Maximum Charging Level (%) The car will stop charging when it reaches this level (let's say 100%). This is only useful if you want to limit the amount of electricity you use. Otherwise it should be set at 100%. Part of the 3 Departure Time settings
Departure Time (hour and minute).

3 different options to configure and choose from (one of 3 or none).

If the Departure Time is set and there's enough time available, the car will charge to the minimum level that was set and then temporarily stop. The car will later begin charging again so it reaches the maximum level at the time of departure. The charging process generates heat which helps warm the battery on colder days. A heated battery can provide more energy and greater energy flow (power) than the same battery when it's cold.

If the Departure Time is set and there isn't enough time available, the car will ignore the Minimum Charge Level and charge to the Maximum Charging Level as soon as possible using the allowed charging power.

If the Departure Time isn't set, the car will ignore the Minimum Charge Level and charge to the Maximum Charging Level as soon as possible using the allowed charging power.

Part of the 3 Departure Time settings
Use Air Conditioning for a specified temperature The car can use the power from the plug to air condition the cabin to already be at the desired temperature at the Departure Time.

There's also an option to air condition the cabin for Departure even if the car isn't plugged-in and it's acceptable for the battery to be used.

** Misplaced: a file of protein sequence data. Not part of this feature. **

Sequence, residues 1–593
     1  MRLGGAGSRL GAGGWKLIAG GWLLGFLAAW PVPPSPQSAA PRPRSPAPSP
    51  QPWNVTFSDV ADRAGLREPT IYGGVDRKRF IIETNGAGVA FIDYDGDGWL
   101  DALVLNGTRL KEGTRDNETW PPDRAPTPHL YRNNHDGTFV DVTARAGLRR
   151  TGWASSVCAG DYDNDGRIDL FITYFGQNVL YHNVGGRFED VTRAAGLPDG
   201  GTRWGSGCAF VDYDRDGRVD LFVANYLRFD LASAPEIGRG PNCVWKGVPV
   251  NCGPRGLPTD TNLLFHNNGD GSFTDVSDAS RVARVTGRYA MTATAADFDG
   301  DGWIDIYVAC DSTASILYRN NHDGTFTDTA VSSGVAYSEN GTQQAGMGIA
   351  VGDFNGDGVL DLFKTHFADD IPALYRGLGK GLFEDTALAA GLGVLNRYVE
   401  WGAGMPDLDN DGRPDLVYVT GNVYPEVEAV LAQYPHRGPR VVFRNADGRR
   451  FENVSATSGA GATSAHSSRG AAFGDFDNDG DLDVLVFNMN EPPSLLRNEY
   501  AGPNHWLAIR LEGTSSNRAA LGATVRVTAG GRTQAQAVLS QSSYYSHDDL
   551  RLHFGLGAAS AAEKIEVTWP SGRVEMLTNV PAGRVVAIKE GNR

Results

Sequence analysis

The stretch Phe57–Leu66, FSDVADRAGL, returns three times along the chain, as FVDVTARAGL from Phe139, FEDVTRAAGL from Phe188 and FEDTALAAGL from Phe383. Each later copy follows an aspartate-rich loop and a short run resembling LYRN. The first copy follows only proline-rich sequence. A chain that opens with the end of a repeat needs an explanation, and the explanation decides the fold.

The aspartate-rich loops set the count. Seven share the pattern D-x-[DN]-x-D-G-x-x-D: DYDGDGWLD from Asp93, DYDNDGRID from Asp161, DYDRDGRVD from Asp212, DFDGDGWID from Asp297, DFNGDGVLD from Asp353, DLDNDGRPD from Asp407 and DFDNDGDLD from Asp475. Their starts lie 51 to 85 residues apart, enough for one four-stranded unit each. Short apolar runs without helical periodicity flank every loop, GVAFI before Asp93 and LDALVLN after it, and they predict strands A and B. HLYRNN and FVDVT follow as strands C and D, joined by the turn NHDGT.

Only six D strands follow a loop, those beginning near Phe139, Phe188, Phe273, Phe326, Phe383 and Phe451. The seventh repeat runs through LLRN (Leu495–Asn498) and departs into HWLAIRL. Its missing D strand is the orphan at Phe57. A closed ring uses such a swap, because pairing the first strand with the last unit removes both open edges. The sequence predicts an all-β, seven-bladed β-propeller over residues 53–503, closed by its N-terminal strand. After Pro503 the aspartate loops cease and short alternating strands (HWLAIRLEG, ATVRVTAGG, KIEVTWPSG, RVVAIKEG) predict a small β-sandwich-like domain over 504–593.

Part of the 3 Departure Time settings
Off-peak hours Can be set so the car uses electricity in those hours when the energy is cheaper. Part of the Basic Settings

Internal combustion engine

Paired with the 1.4 liter (1,395 cc (85 cu in)) ACT-equipped TSI EA211 CUKC petrol engine (156 PS (115 kW; 154 hp) at 6000 rpm, 250 N⋅m (184 lb⋅ft)), it will deliver a fuel economy of 1.8 l/100 km (160 mpg‑imp; 130 mpg‑US) equivalent on the New European Driving Cycle, corresponding to CO
2
emissions lower than 40g/km. Top speed is 219 km/h (136 mph).[14][15]

ACT means the engine can run on just 2 of the 4 cylinders when the load is very small and using all 4 cylinders would waste fuel.

The gear box is a 6 speed DSG with 3 wet (oil) clutches (2 clutches for the 6 speeds of the ICE and 1 clutch for the electric motor).

The car has a 12 V battery in the trunk (in left-side wall of the car, behind the left tail light). Using a regular 12 V battery ensures that the hybrid car can share as many components (A/C, radio, infotainment, dashboard, cabin lighting, headlights etc) with ICE cars of the same model. Hybrid cars tend to have lower consumption (LED) lights to use as little energy as possible.